* The official name for the Irish police. ** Irish term for Prime Minister.

We need more chips! The REAL reason that DJs are finding equipment in short supply – and despite what some journalists say, Brexit isn’t why!

You can always trust the dance music press to publish an article which correctly identifies a problem, but then fails to identify where the problem is coming from. This is precisely what happened on Tuesday, when Mixmag’s Gemma Ross wrote about how Brexit was to blame for the current shortage of DJ equipment.

As they used to say in the 1920s, close but no cigar. The biggest issue, in fact, is a worldwide shortage of computer chips, sometimes also called semiconductors. In early 2020, the pandemic forced China into lockdown and many of the factories making these semiconductors closed. During the next few months as the virus spread around the world, other manufacturers of computer chips were affected – thus meaning existing stocks were not being renewed.

The effect of having to move to working from home so quickly, and in so many different countries, was that far more computers were needed. So this depleted stock further. And these chips go into all kinds of electronic products – including the laptop, tablet or smartphone you’re most likely reading this article on.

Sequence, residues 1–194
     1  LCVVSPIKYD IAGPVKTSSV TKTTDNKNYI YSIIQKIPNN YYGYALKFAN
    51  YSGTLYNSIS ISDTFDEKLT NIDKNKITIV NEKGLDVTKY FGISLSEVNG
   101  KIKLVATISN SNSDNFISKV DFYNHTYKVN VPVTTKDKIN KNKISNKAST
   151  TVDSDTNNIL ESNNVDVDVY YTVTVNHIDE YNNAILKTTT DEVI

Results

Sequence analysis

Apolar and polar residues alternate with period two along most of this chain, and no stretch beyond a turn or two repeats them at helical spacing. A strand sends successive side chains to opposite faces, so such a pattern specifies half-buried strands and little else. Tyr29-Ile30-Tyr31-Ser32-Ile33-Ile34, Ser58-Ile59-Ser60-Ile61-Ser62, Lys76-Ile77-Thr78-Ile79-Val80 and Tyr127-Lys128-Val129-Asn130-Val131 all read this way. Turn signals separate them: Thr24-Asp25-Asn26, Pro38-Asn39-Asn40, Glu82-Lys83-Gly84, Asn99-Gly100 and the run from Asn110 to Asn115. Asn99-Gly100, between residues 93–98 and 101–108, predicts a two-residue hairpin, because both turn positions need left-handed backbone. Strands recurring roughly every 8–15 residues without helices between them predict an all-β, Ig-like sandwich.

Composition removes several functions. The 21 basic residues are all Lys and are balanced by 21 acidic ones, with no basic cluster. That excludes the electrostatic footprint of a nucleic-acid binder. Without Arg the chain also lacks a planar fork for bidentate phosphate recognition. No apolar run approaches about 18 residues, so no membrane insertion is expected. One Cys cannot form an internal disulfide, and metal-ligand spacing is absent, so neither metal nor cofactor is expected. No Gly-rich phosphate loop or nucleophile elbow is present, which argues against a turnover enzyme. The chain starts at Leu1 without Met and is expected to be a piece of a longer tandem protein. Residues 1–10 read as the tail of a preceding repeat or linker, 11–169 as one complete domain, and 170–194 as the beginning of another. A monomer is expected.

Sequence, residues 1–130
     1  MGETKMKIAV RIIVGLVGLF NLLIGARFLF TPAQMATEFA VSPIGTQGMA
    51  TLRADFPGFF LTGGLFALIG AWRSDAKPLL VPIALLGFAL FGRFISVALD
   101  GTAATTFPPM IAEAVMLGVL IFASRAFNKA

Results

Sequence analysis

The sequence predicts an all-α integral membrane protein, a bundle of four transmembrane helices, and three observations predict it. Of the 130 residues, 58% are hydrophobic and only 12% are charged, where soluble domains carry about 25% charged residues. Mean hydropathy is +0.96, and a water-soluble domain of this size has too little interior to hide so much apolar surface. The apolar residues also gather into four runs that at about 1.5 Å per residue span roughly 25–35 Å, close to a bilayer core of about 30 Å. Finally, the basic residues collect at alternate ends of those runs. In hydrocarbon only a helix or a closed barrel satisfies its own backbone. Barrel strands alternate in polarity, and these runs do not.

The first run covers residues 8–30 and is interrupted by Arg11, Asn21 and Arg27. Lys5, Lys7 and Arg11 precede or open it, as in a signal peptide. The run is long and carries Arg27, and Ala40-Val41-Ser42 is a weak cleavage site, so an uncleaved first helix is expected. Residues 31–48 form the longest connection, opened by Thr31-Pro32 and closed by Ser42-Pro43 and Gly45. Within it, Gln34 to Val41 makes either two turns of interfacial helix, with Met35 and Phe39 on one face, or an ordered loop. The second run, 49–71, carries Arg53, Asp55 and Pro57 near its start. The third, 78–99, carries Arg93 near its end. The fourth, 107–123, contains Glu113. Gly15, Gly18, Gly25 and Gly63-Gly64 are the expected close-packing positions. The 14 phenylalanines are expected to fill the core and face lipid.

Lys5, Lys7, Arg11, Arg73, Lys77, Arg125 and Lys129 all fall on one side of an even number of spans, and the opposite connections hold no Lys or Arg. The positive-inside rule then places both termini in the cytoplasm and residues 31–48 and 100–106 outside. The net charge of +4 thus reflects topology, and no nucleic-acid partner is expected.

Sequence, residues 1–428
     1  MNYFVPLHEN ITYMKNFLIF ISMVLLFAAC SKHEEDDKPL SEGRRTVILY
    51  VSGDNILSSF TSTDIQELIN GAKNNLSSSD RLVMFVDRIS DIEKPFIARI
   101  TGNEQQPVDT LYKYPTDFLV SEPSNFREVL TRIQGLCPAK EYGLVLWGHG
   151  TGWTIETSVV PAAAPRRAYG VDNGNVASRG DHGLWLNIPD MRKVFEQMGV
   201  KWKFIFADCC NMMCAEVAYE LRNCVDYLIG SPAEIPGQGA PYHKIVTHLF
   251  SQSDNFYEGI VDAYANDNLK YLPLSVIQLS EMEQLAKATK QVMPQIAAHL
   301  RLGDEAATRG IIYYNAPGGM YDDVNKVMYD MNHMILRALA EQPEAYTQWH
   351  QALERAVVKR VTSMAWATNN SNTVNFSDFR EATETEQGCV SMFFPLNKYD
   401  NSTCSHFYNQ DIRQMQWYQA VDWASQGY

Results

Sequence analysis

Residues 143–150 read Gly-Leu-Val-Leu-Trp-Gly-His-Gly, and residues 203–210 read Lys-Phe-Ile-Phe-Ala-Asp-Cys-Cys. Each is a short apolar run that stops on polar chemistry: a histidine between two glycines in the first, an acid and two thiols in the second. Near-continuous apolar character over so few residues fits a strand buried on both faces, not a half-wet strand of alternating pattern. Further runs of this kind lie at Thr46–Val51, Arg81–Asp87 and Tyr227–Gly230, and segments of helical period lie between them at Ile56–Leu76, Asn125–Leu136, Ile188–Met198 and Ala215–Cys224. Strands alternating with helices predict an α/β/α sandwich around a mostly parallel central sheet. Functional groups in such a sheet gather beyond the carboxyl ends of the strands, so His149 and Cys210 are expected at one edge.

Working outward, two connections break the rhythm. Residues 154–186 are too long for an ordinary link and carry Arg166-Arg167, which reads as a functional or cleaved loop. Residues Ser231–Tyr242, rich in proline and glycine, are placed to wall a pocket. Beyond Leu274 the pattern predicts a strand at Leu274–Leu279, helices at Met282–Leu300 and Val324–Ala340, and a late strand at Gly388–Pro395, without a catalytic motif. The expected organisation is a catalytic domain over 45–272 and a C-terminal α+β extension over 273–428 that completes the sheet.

Manufacturers are now working flat out to increase supply – but with the world reopening and being keen to avoid further lockdowns, it means the problem is going to take some time to resolve. This blog has little time for Brexit – being of the opinion it has caused more problems than it resolved – but citing it as a factor in a worldwide shortage is misleading, disingenuous and lazy…

The least surprising news you’ll read today? At least 19 people caught Covid at Berghain – but good luck tracing the thousands who were there!